Police lines

Simone Renae White is 41 years old. She is a social worker. In July last year, she attended a protest against a Reclaim Australia demonstration in Sydney’s Martin Place.

It was a shabby little rally. A few dozen people chanting, standing against a police line. “This is not a police state. We have the right to demonstrate.”

At one point, White felt a police officer grope her breasts. She turned to take a photograph with her mobile phone. Shortly after, she was pulled from the line and pinned to the ground by senior constable John Wasko. His gloved hands locked around her shoulder, his knee sinking into her back. At the time, it seemed like a strange use of force at a small and peaceful protest.

Later, White was charged with assaulting police. Wasko alleged that she had struck him with her elbow. The incident was resolved this week, after a year spent fighting the charge. It must be among the most appalling examples of police misconduct in recent memory.

The police case against White rested wholly on Wasko’s testimony. This is unusual. Police had filmed the rally. There is closed-circuit television up and down Martin Place.

At first, Wasko said there was no relevant video of the incident. He said he was usually stationed at Dee Why, on the northern beaches, and was not aware of the council-owned cameras on Martin Place. He asked one colleague for footage, but deemed it irrelevant. He stood by his statement: White had assaulted him.

Eventually, White’s legal team subpoenaed the police footage. Without this, White might never have known justice. The tape shows the appalling hypocrisy of the police case, the way in which police sought to use the courts to abuse an innocent woman.

White’s arrest is shown in its entirety. The tape shows the moments before, as White is pushed down Martin Place with other protesters. The camera takes a special interest in her after she throws some water from the little drink bottle she is carrying.

“Girl in red just threw water at the police,” the unseen policeman filming the event says. “Get a close-up of her. This girl here. Girl in the red. Little Red Riding Hood, we’ll call her.”

The video shows police grabbing the back of White’s neck. It shows her being shoved in the back. It shows Wasko pulling her to the ground. It does not show her raising her elbow. A magistrate said such an action was “inconsistent” with the available evidence.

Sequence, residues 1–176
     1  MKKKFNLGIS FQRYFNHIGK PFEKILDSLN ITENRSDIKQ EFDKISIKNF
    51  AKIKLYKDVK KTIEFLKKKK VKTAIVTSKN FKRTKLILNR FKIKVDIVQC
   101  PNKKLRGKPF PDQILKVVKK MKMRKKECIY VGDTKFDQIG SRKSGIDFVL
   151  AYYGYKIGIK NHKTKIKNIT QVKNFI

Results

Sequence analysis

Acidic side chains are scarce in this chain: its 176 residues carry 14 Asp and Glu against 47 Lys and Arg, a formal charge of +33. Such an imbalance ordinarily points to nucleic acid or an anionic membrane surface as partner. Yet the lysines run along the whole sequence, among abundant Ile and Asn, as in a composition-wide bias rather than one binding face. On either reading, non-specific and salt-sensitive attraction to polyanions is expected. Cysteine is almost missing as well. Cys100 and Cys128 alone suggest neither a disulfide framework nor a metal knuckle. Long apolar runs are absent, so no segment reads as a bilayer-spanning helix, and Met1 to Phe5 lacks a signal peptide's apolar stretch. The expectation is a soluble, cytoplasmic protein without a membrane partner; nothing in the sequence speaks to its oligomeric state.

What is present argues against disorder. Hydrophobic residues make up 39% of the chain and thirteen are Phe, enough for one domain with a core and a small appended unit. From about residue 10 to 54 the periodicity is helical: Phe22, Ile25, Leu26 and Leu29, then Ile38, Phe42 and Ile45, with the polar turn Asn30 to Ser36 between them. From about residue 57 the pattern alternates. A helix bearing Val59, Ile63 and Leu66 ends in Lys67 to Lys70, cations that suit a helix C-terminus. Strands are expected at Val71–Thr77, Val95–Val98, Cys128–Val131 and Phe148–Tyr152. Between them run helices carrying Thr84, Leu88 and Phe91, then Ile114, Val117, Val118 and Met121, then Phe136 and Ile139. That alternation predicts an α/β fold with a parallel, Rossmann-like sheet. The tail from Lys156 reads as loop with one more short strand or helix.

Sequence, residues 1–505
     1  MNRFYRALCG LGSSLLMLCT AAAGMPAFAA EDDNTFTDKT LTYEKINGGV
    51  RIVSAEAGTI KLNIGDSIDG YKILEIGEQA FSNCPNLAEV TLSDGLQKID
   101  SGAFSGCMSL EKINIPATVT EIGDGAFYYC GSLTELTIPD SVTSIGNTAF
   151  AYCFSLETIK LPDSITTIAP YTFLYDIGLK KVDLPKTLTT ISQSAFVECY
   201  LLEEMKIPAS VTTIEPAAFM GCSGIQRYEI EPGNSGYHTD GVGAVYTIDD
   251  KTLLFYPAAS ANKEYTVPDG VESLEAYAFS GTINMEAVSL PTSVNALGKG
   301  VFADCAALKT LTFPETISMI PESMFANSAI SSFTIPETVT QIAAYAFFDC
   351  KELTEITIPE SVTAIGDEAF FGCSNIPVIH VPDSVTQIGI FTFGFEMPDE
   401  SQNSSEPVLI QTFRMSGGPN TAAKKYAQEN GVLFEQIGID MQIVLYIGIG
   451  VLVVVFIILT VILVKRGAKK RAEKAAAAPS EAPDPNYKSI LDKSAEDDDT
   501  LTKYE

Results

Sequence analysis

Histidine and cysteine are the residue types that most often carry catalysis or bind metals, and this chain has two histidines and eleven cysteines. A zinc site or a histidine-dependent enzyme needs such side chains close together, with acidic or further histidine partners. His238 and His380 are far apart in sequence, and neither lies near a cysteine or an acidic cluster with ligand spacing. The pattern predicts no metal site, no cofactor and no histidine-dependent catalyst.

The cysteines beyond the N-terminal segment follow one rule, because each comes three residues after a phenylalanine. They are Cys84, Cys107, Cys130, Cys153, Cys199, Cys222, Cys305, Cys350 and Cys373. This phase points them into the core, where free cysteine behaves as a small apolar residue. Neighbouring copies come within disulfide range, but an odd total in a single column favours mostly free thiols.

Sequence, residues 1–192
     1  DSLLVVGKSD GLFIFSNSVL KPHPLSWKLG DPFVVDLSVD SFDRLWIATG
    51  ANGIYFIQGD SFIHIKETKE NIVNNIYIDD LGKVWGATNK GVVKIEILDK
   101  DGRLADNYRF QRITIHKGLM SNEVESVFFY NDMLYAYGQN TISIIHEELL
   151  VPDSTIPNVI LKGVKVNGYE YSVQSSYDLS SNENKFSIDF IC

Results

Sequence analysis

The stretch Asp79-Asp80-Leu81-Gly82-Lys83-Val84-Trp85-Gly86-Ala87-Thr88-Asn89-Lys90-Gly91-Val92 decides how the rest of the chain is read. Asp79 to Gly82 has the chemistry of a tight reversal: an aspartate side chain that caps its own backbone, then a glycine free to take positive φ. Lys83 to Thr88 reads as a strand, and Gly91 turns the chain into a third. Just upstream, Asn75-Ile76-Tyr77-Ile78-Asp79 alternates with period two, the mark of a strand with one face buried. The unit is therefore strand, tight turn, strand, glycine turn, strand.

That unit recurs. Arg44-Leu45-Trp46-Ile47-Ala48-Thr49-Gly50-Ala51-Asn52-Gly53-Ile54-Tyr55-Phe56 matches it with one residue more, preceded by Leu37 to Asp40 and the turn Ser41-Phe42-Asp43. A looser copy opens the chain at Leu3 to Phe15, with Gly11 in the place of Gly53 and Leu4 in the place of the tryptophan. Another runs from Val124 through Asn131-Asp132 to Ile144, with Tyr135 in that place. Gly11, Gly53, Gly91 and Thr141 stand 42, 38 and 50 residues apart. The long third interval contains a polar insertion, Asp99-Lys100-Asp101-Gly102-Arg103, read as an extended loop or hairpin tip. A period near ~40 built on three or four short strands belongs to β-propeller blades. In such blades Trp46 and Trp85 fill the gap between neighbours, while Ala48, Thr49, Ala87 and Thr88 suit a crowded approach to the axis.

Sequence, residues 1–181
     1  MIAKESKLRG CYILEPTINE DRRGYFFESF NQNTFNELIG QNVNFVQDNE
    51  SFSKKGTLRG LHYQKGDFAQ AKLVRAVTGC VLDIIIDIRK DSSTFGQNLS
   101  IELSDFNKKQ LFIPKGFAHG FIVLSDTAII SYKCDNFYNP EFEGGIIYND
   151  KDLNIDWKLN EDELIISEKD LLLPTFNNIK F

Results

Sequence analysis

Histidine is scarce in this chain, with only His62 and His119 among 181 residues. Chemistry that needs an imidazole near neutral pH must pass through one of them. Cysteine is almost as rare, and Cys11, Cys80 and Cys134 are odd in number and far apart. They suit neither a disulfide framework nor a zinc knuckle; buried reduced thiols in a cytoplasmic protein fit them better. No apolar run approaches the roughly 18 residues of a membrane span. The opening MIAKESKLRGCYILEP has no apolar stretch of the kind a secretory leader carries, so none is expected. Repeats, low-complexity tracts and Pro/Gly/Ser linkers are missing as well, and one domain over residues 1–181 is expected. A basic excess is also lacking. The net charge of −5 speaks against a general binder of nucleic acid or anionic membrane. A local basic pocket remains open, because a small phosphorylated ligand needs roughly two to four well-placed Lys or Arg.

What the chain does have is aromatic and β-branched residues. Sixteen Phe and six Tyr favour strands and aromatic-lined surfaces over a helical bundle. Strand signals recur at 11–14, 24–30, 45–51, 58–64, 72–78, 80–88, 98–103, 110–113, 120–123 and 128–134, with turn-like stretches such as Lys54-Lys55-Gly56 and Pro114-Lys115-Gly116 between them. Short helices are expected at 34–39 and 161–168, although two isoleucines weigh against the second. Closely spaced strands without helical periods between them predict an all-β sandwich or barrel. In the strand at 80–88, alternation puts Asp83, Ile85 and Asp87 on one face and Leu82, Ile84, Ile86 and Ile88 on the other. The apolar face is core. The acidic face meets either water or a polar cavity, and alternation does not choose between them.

On the tape, Wasko can be heard telling White she assaulted him. “That’s a lie,” she says, her body pinned under him. “You’re lying.” 

The final audio on the tape is from the officer filming. “That was, ah, Little Red Riding Hood. She just got locked up for assault.”

There is no footage of White being groped by police – the officer involved was not Wasko – but medical records report bruising on her breasts after the incident. Police deleted the picture White took of the officer who she believed assaulted her. Again, there is no footage of this. The closed-circuit camera in their bus was broken.

Magistrate Geoffrey Bradd found the police investigation into White “unreasonable and improper” this week. They destroyed evidence. They pursued false charges. They apparently sought to cover up an indecent assault.

But it is only White’s tenacity in court that has exposed this. It has cost her more than $13,000 to defend herself, when she is the victim. Bradd ordered her costs be paid.

None of the police involved have been disciplined. Not for their improper use of force. Not for their deleting of evidence. Not for indecently assaulting a woman on the street. Not for confecting charges against an innocent protester.

It is difficult – perhaps impossible – to understand why not.

This article was first published in the print edition of The Saturday Paper on June 4, 2016 as "Police lines".

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